A team of volunteers used garden tools and water to erase some of the tire tracks that have scarred Racetrack Playa in Death Valley National Park since someone illegally drove across the dry lake in 2016.
The crew of 19 from the National Park Service and the conservation advocacy group Friends of the Inyo spent weekend in February repairing more than 500 feet of the unsightly tracks.
Roughly 750 gallons of water was used in the effort, which succeeded in restoring the familiar geometric shapes to the dry, cracked surface of the playa.
“We are extremely grateful for the volunteers who took on this remote, complicated job,” Death Valley Superintendent Mike Reynolds said in a written statement.
Racetrack Playa is famous for its so-called “sailing stones,” hundreds of rocks weighing as much as 700 pounds that have roamed across the surface of the dry lake bed, leaving meandering tracks hundreds of yards long.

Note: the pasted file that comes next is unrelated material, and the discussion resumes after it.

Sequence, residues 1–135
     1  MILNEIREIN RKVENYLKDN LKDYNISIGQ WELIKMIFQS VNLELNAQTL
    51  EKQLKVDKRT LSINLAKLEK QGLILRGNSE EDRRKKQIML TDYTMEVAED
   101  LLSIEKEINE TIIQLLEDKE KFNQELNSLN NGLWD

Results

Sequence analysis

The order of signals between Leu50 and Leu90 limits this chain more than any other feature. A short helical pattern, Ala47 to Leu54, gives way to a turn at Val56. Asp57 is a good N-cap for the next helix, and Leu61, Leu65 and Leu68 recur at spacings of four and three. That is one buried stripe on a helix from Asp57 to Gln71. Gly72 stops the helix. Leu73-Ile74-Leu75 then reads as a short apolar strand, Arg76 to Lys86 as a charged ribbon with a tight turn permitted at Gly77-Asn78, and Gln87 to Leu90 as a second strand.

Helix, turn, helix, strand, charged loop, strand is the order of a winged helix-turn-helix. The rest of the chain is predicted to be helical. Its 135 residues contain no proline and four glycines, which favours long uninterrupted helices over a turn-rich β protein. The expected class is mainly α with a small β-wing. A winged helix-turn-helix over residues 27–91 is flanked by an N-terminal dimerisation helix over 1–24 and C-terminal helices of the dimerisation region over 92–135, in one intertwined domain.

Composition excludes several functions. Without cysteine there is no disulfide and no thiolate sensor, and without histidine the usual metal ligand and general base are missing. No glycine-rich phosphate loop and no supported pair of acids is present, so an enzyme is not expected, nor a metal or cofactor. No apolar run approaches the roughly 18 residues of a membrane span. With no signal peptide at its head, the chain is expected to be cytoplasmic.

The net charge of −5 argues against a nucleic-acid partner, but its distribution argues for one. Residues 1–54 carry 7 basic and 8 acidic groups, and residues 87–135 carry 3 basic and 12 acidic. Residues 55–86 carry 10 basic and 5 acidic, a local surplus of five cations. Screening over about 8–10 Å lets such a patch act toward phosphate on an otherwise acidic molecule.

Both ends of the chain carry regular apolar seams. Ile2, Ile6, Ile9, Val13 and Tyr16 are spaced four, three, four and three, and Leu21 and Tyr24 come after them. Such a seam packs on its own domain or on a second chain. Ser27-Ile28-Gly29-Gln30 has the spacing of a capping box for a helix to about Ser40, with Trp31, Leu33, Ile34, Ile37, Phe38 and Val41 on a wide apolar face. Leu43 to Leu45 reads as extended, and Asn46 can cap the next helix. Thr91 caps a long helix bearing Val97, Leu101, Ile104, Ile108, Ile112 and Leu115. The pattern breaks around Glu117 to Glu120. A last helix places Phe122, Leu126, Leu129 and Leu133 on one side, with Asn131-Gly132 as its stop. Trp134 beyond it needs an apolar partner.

How the rocks moved was a mystery until late 2013, when researchers from the Scripps Institution of Oceanography in San Diego observed them being pushed slowly across the flooded lake bed by sheets of wind-blown ice.
Despite its name, the Racetrack about 200 miles northwest of Las Vegas is protected as wilderness and closed to vehicles, but park rangers still find tire tracks there now and then.
The 2016 incident was one of the worst incidents of vandalism. A visitor or visitors who have not yet been identified took an illegal joyride across the lake bed, leaving behind about 10 miles of looping tracks that park officials said at the time could scar the landscape for years.
Getting to Racetrack Playa requires a 27-mile drive on a rocky, rutted dirt road best suited for high-clearance, four-wheel-drive vehicles. Its remote location likely shields it from more frequent vandalism but also makes it hard for rangers to keep an eye on in a park that covers about 3.4 million acres, an area nearly the size of Connecticut.